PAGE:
The feeling in the country is that Buhari has to go, but it is clear that he will do everything in his power to keep his hand on the reins of power and as the incumbent, has many advantages which perhaps his predecessor were less willing to adopt.
Every day we hear reports that underage voters are issued with Permanent Voter Cards in the north of the country and foreigners from Niger, enticed to sign up so they can vote in February 2019.
The EU can help ensure free and fair elections by bringing their Election Observation Mission into Nigeria now to oversee the work of the Independent National Election Commission to ensure it is genuinely living up to the first word in its name.
The EU can also identify and support an alternative leadership, which I believe can only be delivered by the only candidate that can successfully challenge President Buhari in next yearâ€™s general election.
That candidate is Atiku Abubakar, a man who brings to the table years of experience as an administrator, businessman and astute politician with a wide network of friends and associates from across the country.
Indeed, his economic agenda points the way forward for the future of Nigeria where citizens would be proud to stay and build by taking advantage of new opportunities in the economic space.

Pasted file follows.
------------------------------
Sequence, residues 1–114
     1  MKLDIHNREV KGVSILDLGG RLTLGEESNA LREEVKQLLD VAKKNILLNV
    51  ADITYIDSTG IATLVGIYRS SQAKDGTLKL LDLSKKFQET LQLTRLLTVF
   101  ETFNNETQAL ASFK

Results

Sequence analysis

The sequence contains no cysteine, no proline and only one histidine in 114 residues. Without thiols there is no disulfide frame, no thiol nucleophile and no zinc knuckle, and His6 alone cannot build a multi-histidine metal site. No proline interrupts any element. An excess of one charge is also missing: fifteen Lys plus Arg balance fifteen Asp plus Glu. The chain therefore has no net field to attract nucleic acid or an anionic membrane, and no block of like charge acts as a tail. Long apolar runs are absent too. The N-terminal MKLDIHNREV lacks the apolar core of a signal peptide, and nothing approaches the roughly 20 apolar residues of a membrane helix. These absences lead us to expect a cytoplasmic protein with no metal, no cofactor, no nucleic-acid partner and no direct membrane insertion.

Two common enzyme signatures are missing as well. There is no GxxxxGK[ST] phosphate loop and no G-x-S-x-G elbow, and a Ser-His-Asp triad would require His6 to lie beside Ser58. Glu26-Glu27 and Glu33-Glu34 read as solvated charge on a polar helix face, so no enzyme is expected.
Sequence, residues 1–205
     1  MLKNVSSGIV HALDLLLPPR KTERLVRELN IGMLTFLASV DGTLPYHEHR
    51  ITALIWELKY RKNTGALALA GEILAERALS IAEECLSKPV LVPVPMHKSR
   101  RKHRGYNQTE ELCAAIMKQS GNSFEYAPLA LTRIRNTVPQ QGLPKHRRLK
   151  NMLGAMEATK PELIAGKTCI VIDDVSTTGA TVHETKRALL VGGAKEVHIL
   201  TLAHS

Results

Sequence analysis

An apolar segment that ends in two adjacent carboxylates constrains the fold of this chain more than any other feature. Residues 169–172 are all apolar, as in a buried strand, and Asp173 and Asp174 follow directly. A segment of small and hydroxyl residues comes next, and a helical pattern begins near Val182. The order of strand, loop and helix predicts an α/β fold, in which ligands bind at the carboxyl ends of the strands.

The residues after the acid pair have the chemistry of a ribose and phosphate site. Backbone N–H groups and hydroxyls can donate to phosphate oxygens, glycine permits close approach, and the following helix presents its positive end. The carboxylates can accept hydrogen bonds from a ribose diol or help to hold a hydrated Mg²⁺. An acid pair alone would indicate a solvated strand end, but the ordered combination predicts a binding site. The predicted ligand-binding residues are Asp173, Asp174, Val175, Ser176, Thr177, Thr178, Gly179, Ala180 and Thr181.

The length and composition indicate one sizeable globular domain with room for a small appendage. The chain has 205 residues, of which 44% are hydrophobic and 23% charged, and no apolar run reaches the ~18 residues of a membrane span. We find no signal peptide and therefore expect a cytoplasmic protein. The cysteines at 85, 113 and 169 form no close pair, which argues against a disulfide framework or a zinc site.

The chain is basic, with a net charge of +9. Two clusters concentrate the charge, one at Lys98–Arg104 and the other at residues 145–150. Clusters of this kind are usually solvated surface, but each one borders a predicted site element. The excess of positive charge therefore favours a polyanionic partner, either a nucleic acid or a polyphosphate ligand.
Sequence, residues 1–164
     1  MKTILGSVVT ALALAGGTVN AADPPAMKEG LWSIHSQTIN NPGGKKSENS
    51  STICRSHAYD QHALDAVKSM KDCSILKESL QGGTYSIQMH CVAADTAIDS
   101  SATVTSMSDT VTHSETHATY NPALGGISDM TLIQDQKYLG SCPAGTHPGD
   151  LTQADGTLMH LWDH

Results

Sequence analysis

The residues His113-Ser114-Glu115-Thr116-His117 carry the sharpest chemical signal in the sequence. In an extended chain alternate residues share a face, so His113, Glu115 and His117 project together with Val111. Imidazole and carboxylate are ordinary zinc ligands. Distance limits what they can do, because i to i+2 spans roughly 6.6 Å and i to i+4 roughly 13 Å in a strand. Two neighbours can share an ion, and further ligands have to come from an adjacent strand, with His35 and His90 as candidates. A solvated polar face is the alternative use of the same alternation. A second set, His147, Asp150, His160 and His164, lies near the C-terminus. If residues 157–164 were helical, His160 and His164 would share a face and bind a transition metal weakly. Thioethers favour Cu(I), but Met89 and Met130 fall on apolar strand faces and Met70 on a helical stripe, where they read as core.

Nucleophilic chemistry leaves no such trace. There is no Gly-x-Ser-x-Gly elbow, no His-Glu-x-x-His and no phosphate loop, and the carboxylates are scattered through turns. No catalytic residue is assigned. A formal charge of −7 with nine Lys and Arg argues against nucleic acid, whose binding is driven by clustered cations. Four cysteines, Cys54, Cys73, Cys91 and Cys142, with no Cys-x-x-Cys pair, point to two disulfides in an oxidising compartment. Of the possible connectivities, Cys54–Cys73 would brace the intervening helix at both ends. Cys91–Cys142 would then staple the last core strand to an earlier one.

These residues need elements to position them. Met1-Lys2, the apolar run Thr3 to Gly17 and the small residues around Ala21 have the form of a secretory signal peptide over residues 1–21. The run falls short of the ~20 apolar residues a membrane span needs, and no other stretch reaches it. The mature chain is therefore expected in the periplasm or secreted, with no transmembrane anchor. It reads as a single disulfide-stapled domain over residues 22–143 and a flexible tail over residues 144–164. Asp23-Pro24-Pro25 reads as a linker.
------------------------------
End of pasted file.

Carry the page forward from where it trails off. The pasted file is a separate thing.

Atikuâ€™s agenda includes bold new measures to tackle the power crisis -the biggest drag on Nigeria economy – including development of multiple green field mini-grid transmission systems and bringing private sector entities to participle in the network. He also plans full diversification of energy sources to include, wide, solar, hydro, nuclear and natural gas.
The former vice-president is also looking to address the perennial problems of northern Nigeria, such as access to education, which has bred extreme poverty, youth unemployment, social unrest, insurgency and terrorism as well as rebuilding the economy in the region.
He also has a stimulus plan to facilitate growth in critical sectors such as agriculture and small and medium enterprises, while special funds are being envisioned to support innovation, skills development and job creation in the non-oil sector by positioning Nigeria as the key outsourcing centre in Africa.
What this indicates is that leaders with a clear idea of how to get Nigeria out of her current situation, foster socio-economic growth and development are not in short supply but a flawed electoral system, dodgy census figures, misuse of state resources and the sundry peculiarities of the Nigerian system conspire to perpetuate the status quo.
The EU must bring its weight to bear in facilitating a free, fair and credible poll, as well as ensuring that it is not compromised in the conduct of the election.
As much as this seems an arduous task for the EU, however, it is clear that in helping to resolve most of the problems in counties with a high tendency for migration to Europe, it will at the same time, reduce the current pressure on member state and their resources while ramping up the EUs own credibility as a trusted partner in global development, poverty reduction and a facilitator of shared prosperity across the world.